% Operator (C# Reference)
The remainder operator
% computes the remainder after dividing its first operand by its second operand.
All numeric types support the remainder operator.
For the integer operands, the result of
a % b is the value produced by
a - (a / b) * b. The sign of the non-zero remainder is the same as that of the first operand, as the following example shows:
Console.WriteLine(5 % 4); // output: 1 Console.WriteLine(5 % -4); // output: 1 Console.WriteLine(-5 % 4); // output: -1 Console.WriteLine(-5 % -4); // output: -1
- the sign of
z, if non-zero, is the same as the sign of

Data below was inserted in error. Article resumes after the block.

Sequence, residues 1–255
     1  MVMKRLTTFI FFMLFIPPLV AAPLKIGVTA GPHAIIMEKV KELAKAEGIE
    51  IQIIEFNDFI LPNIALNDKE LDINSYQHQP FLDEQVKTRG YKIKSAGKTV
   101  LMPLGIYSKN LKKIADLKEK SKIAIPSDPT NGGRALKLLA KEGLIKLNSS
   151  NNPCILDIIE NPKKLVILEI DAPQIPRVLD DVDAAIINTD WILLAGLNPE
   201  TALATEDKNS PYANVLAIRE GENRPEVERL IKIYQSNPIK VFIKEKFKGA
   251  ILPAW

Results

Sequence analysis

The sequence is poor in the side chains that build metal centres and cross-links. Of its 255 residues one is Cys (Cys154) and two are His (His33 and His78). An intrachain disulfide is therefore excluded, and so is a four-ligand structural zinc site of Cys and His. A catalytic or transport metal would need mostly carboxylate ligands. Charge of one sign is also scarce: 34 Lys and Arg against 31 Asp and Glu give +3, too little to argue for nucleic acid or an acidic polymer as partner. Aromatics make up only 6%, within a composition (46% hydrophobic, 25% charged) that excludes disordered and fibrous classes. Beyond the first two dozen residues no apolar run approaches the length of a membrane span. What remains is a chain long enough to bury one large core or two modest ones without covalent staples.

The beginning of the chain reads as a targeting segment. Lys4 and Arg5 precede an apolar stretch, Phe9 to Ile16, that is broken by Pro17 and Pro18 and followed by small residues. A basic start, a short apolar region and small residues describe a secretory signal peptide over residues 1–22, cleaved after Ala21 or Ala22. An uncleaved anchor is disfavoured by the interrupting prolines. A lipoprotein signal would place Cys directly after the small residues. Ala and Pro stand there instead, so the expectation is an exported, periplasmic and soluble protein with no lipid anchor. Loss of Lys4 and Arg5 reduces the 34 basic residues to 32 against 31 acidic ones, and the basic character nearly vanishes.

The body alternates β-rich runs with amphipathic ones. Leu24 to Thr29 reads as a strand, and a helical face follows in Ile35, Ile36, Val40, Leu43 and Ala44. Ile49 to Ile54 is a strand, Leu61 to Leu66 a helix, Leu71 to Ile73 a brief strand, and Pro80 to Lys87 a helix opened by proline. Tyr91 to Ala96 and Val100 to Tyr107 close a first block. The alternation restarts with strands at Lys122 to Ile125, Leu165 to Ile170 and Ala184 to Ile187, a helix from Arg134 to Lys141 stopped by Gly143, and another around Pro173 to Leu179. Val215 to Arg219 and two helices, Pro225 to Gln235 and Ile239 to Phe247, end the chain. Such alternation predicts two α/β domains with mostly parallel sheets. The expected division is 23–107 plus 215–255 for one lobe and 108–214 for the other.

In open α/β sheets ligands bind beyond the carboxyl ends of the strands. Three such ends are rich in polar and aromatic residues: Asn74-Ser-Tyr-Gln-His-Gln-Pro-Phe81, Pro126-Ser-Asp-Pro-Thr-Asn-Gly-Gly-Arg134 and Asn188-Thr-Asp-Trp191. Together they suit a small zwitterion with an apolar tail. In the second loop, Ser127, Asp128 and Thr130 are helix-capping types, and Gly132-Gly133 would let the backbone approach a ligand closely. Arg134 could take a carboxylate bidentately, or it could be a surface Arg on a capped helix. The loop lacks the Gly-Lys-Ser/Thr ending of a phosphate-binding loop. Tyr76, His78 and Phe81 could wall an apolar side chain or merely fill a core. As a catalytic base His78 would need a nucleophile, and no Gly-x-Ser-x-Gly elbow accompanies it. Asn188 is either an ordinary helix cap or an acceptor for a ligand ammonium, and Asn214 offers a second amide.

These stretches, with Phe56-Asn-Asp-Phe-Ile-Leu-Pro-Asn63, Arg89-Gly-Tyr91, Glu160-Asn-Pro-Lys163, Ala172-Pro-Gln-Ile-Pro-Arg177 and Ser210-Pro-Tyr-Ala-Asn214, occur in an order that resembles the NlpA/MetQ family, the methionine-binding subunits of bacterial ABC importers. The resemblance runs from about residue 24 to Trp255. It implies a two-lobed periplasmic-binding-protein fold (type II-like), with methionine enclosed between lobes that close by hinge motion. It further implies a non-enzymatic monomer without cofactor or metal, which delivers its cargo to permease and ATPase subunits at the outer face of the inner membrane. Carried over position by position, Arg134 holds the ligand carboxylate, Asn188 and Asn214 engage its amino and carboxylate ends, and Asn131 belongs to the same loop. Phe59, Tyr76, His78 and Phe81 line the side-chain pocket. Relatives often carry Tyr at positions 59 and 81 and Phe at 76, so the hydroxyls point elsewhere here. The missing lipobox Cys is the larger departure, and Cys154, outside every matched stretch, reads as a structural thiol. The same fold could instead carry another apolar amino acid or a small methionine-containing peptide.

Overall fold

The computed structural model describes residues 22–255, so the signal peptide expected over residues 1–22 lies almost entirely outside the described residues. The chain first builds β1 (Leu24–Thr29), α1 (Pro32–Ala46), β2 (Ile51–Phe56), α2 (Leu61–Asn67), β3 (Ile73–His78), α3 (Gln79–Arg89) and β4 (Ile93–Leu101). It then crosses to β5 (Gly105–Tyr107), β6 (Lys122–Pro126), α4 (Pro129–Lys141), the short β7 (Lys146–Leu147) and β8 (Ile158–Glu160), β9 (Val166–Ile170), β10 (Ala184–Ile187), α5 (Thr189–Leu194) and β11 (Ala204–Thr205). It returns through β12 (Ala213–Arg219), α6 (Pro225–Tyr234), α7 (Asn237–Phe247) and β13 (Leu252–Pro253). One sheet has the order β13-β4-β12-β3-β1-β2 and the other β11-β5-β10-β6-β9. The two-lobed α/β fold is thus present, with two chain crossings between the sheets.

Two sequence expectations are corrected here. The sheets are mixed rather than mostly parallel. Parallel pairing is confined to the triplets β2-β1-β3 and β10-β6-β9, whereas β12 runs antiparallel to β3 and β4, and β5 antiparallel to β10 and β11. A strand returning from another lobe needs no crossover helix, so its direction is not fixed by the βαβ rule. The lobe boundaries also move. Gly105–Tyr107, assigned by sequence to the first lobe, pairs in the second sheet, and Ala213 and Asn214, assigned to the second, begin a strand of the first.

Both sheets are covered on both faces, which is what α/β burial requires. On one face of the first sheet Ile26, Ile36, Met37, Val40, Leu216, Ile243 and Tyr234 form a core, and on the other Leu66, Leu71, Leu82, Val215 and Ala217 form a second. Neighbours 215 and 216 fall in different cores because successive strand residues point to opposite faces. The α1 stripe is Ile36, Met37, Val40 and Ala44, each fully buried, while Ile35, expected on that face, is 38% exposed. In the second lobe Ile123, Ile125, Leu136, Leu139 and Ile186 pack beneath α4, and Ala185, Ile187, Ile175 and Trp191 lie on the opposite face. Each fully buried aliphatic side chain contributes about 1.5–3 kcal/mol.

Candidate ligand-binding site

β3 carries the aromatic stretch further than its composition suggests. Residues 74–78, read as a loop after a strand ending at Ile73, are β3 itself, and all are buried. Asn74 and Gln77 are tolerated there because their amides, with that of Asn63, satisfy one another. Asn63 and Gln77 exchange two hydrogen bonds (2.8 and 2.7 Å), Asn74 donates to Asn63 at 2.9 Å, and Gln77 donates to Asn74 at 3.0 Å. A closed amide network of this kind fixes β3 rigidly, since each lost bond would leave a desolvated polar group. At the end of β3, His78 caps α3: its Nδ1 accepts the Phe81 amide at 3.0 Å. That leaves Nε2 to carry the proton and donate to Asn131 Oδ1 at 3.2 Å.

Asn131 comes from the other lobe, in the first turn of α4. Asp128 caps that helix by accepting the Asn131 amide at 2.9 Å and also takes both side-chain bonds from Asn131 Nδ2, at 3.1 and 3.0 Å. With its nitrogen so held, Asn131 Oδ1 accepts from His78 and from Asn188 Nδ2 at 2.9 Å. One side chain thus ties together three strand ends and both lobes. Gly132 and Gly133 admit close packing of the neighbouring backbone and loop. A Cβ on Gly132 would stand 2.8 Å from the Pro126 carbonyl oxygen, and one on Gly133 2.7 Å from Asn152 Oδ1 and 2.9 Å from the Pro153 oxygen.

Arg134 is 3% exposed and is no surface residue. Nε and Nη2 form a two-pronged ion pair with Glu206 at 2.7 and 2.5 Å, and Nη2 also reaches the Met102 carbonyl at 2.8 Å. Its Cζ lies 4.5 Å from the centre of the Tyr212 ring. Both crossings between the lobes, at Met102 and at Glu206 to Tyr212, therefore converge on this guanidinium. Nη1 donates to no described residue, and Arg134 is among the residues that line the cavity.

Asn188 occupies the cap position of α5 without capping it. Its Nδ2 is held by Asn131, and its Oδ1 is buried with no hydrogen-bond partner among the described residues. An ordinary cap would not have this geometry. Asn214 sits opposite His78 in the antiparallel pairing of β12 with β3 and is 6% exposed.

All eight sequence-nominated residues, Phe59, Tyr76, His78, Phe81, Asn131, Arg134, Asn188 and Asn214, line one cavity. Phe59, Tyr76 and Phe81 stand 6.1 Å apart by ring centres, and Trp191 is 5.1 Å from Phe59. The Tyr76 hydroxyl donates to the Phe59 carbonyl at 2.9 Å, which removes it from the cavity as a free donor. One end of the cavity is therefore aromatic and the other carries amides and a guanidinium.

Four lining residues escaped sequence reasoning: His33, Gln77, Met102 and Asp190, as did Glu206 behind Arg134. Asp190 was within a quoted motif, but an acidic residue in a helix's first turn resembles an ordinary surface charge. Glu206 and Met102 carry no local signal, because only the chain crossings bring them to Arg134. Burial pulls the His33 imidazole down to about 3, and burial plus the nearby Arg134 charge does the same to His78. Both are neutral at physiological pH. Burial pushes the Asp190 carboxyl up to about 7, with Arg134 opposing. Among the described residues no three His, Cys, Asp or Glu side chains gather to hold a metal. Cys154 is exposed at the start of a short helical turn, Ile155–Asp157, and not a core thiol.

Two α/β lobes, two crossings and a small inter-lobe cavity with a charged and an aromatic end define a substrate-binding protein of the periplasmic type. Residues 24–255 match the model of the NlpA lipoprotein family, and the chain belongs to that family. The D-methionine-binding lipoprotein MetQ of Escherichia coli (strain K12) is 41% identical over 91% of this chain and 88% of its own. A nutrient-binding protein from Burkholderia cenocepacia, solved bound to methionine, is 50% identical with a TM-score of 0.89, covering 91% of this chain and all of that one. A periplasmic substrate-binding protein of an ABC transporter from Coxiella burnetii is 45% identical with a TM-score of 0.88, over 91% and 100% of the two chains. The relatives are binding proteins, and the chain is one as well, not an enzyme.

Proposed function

- the absolute value of
zis the value produced by
|x| - n * |y|where
nis the largest possible integer that is less than or equal to
|x| / |y|and
|y|are the absolute values of
This method of computing the remainder is analogous to that used for integer operands, but differs from the IEEE 754. If you need the remainder operation that complies with the IEEE 754, use the Math.IEEERemainder method.
The following example demonstrates the behavior of the remainder operator for
Console.WriteLine(-5.2f % 2.0f); // output: -1.2 Console.WriteLine(5.0 % 2.2); // output: 0.6 Console.WriteLine(.41 % .2); // output: 0.00999999999999995
Note the round-off errors that can be associated with the floating-point types.
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